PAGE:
TradeBriefs Editorial From the Editor's Desk

How to Set Goals That You Can Actually Complete - Ravi Shankar Rajan
Psychologist John Lee Dumas doesn't mince words when it comes to the idea of setting goals. Dumas says so many people see goal-setting as a roadblock: "They say, 'I don't know how to choose the goal I'm going to focus on because there are so many things and so many choices. How do I decide or know if I'm working on the RIGHT goal?'"
The key, he says, is to follow a process that helps define your goal in a concrete way and guides you toward taking the steps to make it a reality.

Continued here

Read TradeBriefs every day to stay smart at work!

Advertisers of the day
Wharton Business Analytics Team: Wharton's Business Analytics Program (Online)
EMERITUS on Behalf of Columbia Business School Exec Ed: Enroll for the two-month Value Investing (Online) program

Our advertisers help fund the daily operations of TradeBriefs. We request you to accept our promotional emails.
TradeBriefs Editorial From the Editor's Desk

Elon Musk-backed AI Company Claims It Made a Text Generator That's Too Dangerous to Release
Researchers at the non-profit AI research group OpenAI just wanted to train their new text generation software to predict the next word in a sentence. It blew away all of their expectations and was so good at mimicking writing by humans they’ve decided to pump the brakes on the research while they explore the damage it could do.
Elon Musk has been clear that he believes artificial intelligence is the “biggest existential threat” to humanity. Musk is one of the primary funders of OpenAI and though he has taken a backseat role at the organization, its researchers appear to share his concerns about opening a Pandora’s box of trouble. This week, OpenAI shared a paper covering their latest work on text generation technology but they’re deviating from their standard practice of releasing the full research to the public out of fear that it could be abused by bad actors. Rather than releasing the fully trained model, it’s releasing a smaller model for researchers to experiment with.

Continued here

Read TradeBriefs every day, to understand the future!

Advertisers of the day
Cambridge Senior Management: Cambridge Senior Management Programme (SMP) | June 2019 | Accepting Applications
Wharton Business Analytics Team: Wharton's Business Analytics Program (Online)

Our advertisers help fund the daily operations of TradeBriefs. We request you to accept our promotional emails.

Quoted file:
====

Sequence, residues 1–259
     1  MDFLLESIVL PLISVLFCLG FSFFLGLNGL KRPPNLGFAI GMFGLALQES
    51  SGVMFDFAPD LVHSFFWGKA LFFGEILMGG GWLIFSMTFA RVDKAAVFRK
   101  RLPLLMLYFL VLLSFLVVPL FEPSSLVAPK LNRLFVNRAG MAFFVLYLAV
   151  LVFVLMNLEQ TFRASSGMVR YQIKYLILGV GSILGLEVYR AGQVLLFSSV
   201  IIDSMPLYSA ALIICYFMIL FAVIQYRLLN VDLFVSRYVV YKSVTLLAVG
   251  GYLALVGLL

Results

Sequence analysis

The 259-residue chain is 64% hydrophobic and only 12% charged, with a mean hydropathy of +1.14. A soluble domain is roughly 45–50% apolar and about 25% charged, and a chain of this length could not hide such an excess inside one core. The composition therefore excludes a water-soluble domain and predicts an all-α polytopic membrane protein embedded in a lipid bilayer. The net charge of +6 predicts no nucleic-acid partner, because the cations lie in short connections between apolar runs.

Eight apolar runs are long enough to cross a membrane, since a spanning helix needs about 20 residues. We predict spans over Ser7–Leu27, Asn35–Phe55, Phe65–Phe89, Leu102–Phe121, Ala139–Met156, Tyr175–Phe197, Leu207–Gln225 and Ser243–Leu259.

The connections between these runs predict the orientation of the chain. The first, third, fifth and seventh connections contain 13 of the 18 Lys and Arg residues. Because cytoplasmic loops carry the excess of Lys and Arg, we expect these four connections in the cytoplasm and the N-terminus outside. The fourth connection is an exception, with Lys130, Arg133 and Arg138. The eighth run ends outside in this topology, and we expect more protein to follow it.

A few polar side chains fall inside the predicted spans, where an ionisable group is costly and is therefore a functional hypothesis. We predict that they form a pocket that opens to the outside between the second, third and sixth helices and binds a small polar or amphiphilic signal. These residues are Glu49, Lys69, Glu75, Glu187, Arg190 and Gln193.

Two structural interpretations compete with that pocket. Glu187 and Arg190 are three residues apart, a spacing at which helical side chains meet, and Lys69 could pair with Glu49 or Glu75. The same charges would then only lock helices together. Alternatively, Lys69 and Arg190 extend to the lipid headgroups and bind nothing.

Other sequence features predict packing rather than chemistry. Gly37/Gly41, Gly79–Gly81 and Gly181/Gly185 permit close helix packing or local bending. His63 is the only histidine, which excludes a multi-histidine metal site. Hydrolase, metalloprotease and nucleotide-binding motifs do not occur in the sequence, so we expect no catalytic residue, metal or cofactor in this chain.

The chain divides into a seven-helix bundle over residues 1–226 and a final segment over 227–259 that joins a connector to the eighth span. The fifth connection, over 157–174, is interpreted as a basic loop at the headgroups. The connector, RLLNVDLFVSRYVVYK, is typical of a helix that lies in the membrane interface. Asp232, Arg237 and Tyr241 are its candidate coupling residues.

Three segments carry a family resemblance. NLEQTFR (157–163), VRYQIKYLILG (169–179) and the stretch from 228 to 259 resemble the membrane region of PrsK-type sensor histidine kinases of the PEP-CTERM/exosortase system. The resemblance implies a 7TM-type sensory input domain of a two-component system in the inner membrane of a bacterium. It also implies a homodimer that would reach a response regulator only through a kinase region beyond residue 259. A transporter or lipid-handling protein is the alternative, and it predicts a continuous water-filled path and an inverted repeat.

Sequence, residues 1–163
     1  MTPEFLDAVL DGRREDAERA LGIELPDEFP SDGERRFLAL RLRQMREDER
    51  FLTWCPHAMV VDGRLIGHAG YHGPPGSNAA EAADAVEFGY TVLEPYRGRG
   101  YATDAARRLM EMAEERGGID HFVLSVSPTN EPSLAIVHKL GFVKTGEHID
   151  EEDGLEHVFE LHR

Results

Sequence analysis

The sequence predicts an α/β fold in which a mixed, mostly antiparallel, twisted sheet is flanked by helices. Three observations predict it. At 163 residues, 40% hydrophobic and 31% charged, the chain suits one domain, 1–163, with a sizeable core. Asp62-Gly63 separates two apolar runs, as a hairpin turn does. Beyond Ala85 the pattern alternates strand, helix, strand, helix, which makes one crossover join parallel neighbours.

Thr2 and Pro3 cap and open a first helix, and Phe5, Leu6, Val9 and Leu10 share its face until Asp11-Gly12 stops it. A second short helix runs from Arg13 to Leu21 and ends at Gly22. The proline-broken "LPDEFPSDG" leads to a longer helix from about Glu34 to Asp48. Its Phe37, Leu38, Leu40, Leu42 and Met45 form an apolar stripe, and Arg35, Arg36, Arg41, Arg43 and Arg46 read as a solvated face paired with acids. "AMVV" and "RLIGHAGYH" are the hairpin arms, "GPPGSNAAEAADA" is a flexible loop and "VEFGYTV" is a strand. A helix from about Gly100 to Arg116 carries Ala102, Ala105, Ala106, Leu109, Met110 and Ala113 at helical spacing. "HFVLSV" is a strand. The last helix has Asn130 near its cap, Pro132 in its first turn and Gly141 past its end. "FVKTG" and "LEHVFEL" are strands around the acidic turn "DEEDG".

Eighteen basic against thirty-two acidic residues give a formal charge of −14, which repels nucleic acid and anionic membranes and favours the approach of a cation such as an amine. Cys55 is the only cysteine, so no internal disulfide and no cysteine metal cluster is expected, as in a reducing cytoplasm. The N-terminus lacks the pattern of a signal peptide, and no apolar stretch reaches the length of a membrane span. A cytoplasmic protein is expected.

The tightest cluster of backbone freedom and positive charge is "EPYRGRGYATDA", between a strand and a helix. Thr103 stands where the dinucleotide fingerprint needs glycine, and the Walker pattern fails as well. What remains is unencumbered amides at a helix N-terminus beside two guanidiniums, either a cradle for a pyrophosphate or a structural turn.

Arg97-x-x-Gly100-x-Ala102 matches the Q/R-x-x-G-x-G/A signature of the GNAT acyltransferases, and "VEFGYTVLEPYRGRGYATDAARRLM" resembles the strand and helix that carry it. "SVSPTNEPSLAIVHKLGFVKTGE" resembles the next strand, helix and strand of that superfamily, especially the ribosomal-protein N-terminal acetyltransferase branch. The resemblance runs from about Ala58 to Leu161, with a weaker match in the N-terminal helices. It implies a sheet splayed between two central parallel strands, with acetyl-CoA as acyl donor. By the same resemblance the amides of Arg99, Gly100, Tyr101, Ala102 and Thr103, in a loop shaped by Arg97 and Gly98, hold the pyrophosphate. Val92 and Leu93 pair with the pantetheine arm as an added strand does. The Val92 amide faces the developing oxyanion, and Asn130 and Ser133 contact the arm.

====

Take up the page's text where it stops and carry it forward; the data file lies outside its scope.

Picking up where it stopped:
TradeBriefs Editorial From the Editor's Desk

The secret history of women in coding
Computer programming once had much better gender balance than it does today. What went wrong?

When the number of coding jobs exploded in the 1950s and '60s as companies began relying on software to process payrolls and crunch data, men had no special advantage in being hired. Employers simply looked for candidates who were logical, good at math and meticulous. And in this respect, gender stereotypes worked in women's favor: Some executives argued that women's traditional expertise at painstaking activities like knitting and weaving manifested precisely this mind-set. (The 1968 book "Your Career in Computers" stated that people who like "cooking from a cookbook" make good programmers.)
The field rewarded aptitude: Applicants were often given a test (typically one involving pattern recognition), hired if they passed it and trained on the job, a process that made the field especially receptive to neophytes. "Know Nothing About Computers? Then We’ll Teach You (and Pay You While Doing So)," one British ad promised in 1965. In a 1957 recruiting pitch in the United States, IBM's brochure titled "My Fair Ladies" specifically encouraged women to apply for coding jobs.

Continued here

Read TradeBriefs every day, to get a historical perspective!

Advertisers of the day
Cambridge Senior Management: Cambridge Senior Management Programme (SMP) | June 2019 | Accepting Applications
Wharton Business Analytics Team: Wharton's Business Analytics Program (Online)

Our advertisers help fund the daily operations of TradeBriefs. We request you to accept our promotional emails.

Subcategories

You are here: Home Opinion